Jointly Providing Health Care Fee Information to Payors

May 22, 2014

As health care provider networks move down the path toward clinical integration, we are often asked to provide guidance on how information can be jointly provided to payors. The antitrust laws recognize that collective sharing of some pricing information, even by otherwise competing providers, can be beneficial and does not necessarily violate antitrust laws. However, there are significant limitations on what can be jointly provided and how the information can be shared.

At the outset, it should be clarified that collective negotiations by competing providers who are not financially or clinically integrated should never take place and constitutes a per se violation of federal antitrust laws. Prohibited activities include any action in contemplation of or in furtherance of an agreement on fees or other aspects of reimbursement. It is unlawful for a non-integrated group of competing providers to agree on or suggest a central fee schedule. Any activity relating to prospective fees should be avoided.

Competing providers can jointly provide information on fees currently being charged or that have been charged in the past as long as certain safeguards are implemented and strictly followed. The FTC and DOJ have stated that the joint provision of historic fee information to payors raise little anticompetitive concerns as long as the following conditions are met:

  1. Collection of fee information is managed by a third party;
  2. Any information that is made available to competing providers must be at least three (3) months old;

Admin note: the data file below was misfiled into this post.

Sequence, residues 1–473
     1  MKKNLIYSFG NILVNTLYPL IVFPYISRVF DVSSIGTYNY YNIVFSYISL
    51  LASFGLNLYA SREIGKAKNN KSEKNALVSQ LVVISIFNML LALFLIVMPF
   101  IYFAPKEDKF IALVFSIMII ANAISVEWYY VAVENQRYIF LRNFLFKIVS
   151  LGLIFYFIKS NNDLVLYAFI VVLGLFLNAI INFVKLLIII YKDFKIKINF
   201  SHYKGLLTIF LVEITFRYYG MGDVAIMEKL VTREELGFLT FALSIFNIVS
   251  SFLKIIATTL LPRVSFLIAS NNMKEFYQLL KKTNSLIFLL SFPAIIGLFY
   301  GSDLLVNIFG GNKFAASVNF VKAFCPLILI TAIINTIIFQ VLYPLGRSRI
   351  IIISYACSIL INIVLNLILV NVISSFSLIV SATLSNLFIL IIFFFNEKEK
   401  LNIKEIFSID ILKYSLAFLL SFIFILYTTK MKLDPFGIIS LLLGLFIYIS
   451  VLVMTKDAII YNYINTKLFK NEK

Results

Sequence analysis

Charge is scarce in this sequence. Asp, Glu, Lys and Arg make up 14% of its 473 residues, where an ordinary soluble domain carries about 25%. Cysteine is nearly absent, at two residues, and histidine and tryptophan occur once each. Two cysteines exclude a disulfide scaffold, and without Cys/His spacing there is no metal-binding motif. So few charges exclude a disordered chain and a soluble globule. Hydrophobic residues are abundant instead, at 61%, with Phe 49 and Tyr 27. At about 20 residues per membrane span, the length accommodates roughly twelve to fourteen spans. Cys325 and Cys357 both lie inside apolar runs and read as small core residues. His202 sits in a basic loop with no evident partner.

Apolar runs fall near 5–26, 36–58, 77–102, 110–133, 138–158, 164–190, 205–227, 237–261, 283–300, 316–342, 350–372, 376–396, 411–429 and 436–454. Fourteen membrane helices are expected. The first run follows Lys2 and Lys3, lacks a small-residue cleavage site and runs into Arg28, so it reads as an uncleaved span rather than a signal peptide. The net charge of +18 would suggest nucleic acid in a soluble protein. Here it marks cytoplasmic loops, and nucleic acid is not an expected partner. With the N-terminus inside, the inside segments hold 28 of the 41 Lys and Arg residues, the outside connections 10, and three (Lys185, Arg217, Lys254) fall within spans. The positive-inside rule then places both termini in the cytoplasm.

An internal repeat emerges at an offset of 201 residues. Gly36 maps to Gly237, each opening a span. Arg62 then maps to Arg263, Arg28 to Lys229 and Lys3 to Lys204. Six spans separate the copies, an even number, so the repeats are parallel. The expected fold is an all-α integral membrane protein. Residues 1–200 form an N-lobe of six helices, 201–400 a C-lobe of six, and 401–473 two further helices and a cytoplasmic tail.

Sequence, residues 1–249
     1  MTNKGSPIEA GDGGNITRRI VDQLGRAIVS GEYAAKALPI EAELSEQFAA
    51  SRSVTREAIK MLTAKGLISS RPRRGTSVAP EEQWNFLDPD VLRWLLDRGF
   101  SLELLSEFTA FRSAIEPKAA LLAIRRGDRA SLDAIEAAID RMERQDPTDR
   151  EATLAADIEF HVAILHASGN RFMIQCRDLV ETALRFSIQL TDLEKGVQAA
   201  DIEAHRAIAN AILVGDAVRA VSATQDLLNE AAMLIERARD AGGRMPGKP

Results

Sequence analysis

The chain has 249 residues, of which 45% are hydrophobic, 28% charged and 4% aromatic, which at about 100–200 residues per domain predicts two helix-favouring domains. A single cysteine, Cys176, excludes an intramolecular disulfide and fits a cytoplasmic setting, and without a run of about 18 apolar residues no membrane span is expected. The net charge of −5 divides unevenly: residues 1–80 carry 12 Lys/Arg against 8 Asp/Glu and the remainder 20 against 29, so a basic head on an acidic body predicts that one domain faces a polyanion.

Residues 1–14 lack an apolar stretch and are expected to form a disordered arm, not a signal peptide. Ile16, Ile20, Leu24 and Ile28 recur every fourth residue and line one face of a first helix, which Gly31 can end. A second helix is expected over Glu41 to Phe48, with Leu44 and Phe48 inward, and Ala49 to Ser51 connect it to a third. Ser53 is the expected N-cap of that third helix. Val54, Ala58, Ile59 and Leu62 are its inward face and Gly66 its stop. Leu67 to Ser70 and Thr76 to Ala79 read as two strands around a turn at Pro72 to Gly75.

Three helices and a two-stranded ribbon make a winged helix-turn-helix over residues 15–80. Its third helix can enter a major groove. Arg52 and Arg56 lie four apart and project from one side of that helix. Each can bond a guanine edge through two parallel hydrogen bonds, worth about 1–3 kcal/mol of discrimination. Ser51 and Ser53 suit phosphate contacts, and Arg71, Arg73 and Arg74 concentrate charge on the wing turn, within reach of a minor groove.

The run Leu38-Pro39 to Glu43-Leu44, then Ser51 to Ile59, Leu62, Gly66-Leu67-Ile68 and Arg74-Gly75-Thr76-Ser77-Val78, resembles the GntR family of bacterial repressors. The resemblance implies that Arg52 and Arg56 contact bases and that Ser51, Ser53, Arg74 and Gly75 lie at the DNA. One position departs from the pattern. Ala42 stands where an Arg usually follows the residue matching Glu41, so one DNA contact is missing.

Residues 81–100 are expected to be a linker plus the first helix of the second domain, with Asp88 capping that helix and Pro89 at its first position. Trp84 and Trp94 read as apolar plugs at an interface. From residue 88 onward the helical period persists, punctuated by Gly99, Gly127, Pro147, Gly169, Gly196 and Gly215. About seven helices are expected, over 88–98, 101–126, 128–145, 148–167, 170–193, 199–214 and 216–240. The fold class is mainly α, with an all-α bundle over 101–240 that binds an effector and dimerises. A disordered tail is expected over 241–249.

3. Data provided to participating providers must meet further requirements, including:

a. It must be aggregated so recipients cannot identify the prices charged by individual providers;
b. There must be at least five (5) providers reporting data that goes into an integrated statistic; and
c. No provider can represent more than twenty-five percent (25%) on a weighted basis for any statistical item.

I normally recommend that provider groups create antitrust policies that address the provision of fee information to payors and other sensitive antitrust issues. Even an organization that is significantly clinically integrated should be concerned with the method used to convey fee information to payors.

Adopting and applying specific antitrust policies is a step toward assuring antitrust compliance. Antitrust policies should include detailed processes for conveying fee information that incorporate the parameters applicable to the organization.

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